Top 10 albums of 2013 critics' picks: Mike Usinger
Half the records below are made for the debauched night before, the other half for the morning comedown after. See if you can figure out which are which.
After years of toiling behind the scenes as a producer (Coldplay’s Viva la Vida), collaborator (with fanboy Brian Eno), and remixer (Four Tet), Britain’s Jon Hopkins officially arrives with a collection of gorgeous, largely instrumental soundscapes. Immunity throws back to the golden era of late-’90s electronica, the proudly analogue tracks making you wonder what the hell the world sees in Skrillex, Steve Aoki, and that jackass with the giant rodent’s head.
Sleigh Bells finally finds the right mix of concussion-causing drum-machine bombast and candy-barbed Hiwatt hooks. Bitter Rivals will have you debating whether singer Alexis Krauss and guitarist Derek E. Miller were most influenced by Led Zeppelin, Public Enemy, or Big Black, the answer probably being all of them equally.
Queens of the Stone Age
What doesn’t kill you not only doesn’t kill you, it also, in the case of …Like Clockwork, leads to a late-career triumph. After almost dying during a routine knee operation, Queens mastermind Josh Homme roars back with a record that adds coal-black piano ballads and art-funk detonators to his famously peyote-fried stoner-rock template.
Long famous for meditative postrock soundscapes with grand symphonic flourishes, Sigur Rós gets noisy in a big and often terrifying way. All speaker-frying distortion spikes, doomsday drum violence, and wraithlike vocal washes, Kveikur celebrates the art of delicious chaos without sacrificing the band’s trademark beauty.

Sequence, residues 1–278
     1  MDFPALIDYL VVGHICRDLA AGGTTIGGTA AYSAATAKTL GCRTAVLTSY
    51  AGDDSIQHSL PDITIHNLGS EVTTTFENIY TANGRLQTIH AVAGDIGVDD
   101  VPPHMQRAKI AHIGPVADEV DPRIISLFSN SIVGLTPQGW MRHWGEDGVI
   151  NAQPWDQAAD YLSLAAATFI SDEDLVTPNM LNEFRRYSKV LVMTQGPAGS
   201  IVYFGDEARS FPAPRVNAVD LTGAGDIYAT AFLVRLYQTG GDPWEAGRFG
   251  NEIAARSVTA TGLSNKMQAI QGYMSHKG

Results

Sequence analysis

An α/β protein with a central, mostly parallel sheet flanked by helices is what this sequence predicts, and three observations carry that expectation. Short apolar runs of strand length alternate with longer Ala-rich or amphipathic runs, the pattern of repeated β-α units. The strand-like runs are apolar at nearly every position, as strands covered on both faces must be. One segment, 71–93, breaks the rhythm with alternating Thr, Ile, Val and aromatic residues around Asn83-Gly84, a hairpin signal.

Nick Cave and the Bad Seeds
Push the Sky Away
Forgoing the bile-and-brimstone that’s marked his classic works, Nick Cave goes for something lovely on the quiet and contemplative Push the Sky Away. Badass has seldom sounded so beautiful.
Sandra Vu steps away from her job as Dum Dum Girls’ drummer and reinvents herself as a synth-loving experimentalist with no time for surf-flavoured doompop. Blood Tears dabbles in styles ranging from neon-splattered new wave to glitched-out techno to distortion-scarred noiserock, with results that make one hope SISU’s newly minted frontwoman is in no hurry to get back behind the kit.
The Marshall Mathers LP 2
Even though he’s released records sporadically since an addiction-related 2007 hiatus, it’s only on this sequel to the landmark The Marshall Mathers LP album that Eminem is officially back in fighting form. This is classic fuck-the-world Slim Shady, the rapper’s machine-gun flow matched by a ragingly anthemic production job.
Hate him for being an obnoxious blowhard, raging egomaniac, and unrepentant asshole, but don’t deny that Kanye West has an insane amount of game. For thinking outside of the hip-hop box with a record that’s claustrophobic, clattering, and entirely audacious, Ye has earned the right to call himself Yeezus, Yishnu, Yuddha, Yallah, or whatever the hell he wants.
Copenhagen’s Søren Løkke Juul offers up dreamy chamber-folk that mixes gauze-swaddled synths with six-shades-of-grey violins and reverb-bathed percussion. This is music for stargazing, preferably while standing in a snow-dusted forest clearing on a crisp and clear winter night.
There’s a very good argument to be made that Maya Arulpragasam was beamed down from some other planet, one where Bollywood films are scored by phaser-wielding aliens on a mission to answer the question “What would futuristic hip-hop sound like on the frontlines of an under-siege Fallujah?” Yes, Matangi is that fantastically out-there.